October 19, 2018
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Canadian crabs with bad attitude threaten coastal ecosystem

Robert F. Bukaty | AP
Robert F. Bukaty | AP
A green crab in Portland, Maine. A University of New England researcher said green crabs migrating from Nova Scotia are ornerier and angrier than their Gulf of Maine cousins.

Canadians are known as friendly folks, but these crabby brutes migrating from Canadian waters are better suited for the hockey rink.

Green crabs from Nova Scotia are the same species as their cousins that already inhabit Maine waters, but are ornerier and angrier, threatening to accelerate harm to the coastal ecosystem by gobbling up soft-shell clams and destroying native eel grass, a researcher said.

The docile green crabs shrink from a threat, while the newcomers are more apt to wave their pincers and charge.

“What we’re seeing is this insane level of aggressiveness,” Markus Frederich, a professor at the University of New England, said.

They’re each genetically distinct.

The new crab variant that originated in northern Europe is hardier and adapted to colder water than the more docile crab, which originally came from southern Europe.

David Sharp | AP
David Sharp | AP
University of New England marine sciences professor Markus Frederich holds a green crab at a campus research lab on in Biddeford, Maine. Frederich is researching an aggressive species of green crabs from Canada that's making its way into New England waters, potentially causing greater harm to the marine environment than green crabs that are already here.

Green crabs, even the docile ones, are considered a scourge that can devour soft-shell and juvenile clams. They can destroy eelgrass that provides a hiding place for juvenile sea creatures.

But the Canadian crabs take it to a new level.

Louis Logan, a University of New England graduate student, had the unpleasant task of labeling the crabs captured from Nova Scotia waters for the research.

The crabs were in no mood for games.

At a distance of 5 feet, the pint-sized brutes, which measure 4 to 5 inches across, assumed a fighting posture. Those that grabbed him were in no hurry to let go.

“Any time I went down to grab one they went to grab me instead,” he wrote in an email.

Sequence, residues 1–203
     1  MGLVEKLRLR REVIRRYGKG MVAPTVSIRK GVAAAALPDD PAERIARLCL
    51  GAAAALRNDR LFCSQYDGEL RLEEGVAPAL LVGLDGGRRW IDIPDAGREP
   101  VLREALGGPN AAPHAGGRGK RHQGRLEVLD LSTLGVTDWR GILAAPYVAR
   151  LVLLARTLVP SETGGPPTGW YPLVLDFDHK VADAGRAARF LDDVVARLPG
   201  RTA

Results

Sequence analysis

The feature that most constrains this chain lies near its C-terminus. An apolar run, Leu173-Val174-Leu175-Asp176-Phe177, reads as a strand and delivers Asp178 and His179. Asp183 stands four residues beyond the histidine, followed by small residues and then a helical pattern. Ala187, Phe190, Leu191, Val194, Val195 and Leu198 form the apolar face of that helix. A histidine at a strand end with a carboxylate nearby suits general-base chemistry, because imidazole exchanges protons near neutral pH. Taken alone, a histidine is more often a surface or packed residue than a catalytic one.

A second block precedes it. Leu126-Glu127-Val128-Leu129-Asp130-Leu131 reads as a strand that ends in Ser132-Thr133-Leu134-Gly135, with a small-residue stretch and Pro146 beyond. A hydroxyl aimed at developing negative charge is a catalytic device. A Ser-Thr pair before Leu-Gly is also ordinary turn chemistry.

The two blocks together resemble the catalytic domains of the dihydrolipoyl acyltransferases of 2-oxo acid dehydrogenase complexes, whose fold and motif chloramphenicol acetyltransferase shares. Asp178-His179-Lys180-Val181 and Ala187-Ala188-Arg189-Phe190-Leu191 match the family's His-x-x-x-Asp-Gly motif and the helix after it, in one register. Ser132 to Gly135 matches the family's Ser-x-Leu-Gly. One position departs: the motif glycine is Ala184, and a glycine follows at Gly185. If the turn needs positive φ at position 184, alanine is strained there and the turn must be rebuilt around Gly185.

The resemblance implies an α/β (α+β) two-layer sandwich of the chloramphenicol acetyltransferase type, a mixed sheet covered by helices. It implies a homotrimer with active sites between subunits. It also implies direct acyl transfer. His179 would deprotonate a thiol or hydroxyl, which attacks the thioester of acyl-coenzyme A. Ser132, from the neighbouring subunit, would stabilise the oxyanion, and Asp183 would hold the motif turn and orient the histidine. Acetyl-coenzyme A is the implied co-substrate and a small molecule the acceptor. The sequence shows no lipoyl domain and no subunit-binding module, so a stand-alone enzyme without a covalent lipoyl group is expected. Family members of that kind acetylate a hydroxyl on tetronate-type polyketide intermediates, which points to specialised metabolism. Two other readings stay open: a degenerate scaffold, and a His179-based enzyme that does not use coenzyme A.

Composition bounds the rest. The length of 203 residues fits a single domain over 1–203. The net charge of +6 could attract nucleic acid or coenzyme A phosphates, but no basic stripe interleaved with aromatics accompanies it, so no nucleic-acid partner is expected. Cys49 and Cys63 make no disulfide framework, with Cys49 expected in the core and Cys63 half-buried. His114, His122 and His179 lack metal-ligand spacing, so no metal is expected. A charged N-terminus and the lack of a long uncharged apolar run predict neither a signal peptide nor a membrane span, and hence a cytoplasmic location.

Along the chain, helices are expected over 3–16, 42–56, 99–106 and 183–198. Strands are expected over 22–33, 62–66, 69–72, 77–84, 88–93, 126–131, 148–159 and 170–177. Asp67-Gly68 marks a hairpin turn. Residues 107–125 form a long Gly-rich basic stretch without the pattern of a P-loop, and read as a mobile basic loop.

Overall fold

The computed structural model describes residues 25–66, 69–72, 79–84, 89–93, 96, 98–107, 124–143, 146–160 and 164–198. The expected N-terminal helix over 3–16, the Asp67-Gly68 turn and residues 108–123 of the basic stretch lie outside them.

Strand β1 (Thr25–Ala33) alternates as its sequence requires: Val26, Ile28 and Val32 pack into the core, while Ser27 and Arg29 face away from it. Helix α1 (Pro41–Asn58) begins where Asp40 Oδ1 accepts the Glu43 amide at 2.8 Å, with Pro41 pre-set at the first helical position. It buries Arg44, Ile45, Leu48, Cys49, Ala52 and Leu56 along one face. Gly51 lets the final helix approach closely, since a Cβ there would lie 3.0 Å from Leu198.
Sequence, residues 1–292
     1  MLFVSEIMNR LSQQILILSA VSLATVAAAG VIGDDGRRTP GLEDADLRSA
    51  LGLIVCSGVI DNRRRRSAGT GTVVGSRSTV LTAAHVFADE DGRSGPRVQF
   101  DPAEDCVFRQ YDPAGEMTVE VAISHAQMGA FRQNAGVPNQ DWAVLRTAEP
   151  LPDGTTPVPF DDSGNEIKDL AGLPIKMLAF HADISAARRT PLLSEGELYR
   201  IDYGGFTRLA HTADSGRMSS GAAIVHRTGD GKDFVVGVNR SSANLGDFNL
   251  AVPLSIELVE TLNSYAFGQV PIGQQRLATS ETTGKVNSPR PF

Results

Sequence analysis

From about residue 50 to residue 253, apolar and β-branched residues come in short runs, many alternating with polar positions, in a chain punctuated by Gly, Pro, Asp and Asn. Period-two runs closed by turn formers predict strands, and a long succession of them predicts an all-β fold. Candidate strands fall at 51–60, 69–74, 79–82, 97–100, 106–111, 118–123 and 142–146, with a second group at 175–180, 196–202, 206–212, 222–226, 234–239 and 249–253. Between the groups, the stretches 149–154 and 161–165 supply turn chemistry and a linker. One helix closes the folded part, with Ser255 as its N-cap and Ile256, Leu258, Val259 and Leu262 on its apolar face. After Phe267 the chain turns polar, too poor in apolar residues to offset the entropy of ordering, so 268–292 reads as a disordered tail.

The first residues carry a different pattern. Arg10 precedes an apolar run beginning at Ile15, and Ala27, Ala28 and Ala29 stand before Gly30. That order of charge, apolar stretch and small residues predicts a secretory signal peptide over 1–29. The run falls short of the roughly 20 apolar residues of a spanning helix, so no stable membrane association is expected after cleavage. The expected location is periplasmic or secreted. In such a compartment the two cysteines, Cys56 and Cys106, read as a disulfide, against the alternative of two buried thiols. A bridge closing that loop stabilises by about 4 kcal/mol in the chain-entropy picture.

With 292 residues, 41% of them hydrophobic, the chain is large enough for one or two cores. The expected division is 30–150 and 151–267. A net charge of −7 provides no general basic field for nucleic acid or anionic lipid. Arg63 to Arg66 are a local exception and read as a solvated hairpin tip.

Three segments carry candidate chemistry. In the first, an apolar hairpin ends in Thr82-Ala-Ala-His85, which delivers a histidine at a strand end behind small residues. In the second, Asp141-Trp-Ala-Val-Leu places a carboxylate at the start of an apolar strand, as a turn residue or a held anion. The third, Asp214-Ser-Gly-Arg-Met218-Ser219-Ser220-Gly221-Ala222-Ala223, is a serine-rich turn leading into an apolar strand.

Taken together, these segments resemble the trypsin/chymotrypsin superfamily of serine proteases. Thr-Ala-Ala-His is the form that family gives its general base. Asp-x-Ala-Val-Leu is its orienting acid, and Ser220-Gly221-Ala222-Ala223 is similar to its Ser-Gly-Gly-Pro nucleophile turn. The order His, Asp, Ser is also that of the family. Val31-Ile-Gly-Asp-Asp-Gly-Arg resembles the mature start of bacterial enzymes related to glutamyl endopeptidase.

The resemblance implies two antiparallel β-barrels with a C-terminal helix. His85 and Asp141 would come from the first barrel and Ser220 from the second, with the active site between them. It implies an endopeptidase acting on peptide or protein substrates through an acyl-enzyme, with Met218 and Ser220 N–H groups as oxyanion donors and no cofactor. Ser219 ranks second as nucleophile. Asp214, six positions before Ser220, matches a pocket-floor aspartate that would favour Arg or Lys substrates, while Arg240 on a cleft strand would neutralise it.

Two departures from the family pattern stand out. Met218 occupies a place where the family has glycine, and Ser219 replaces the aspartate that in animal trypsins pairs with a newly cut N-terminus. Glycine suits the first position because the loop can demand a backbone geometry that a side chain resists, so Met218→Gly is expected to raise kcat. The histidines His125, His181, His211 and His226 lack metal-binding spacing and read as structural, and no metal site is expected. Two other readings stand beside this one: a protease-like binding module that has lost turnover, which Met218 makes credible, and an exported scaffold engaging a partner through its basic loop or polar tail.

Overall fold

One of them, in particular, would jump out of the water in its frenzy to attack.

In the lab, researchers unleashed both types of crabs on a bed of eel grass in a saltwater pool, and the difference was stark. The Canadian invaders shredded the eel grass like Edward Scissorhands in their efforts to scarf down marine organisms seeking refuge, Frederich said.

The first round of study focused on 200 crabs from Canada, and will be published in coming months.

Further studies will focus on whether a specific gene plays a role in the aggressiveness or if a factor called hybrid vigor is in play, he said. The hybrid vigor theory suggests that crabs could be more aggressive as they establish themselves, but will mellow out later.

The quarrelsome newcomers currently comprise only about 2 to 3 percent of green crabs crawling on the ocean floor off Maine, but those numbers are certain to grow, Frederich said.

“It will be an entirely different ball game,” he predicted. “It’s just a question of when more of the crabs come and out-compete the Maine green crabs.”

The docile green crabs have been around for more than a century in New England waters, but they’ve emerged as a major problem as the Gulf of Maine has warmed. The feistier crabs arrived off Nova Scotia in the 1980s, and currents brought their larvae southward into New England waters.

Eventually, the newcomers will move farther southward. “We can’t do anything about it,” he said. “The only thing that we can do is learn how to live with it.”

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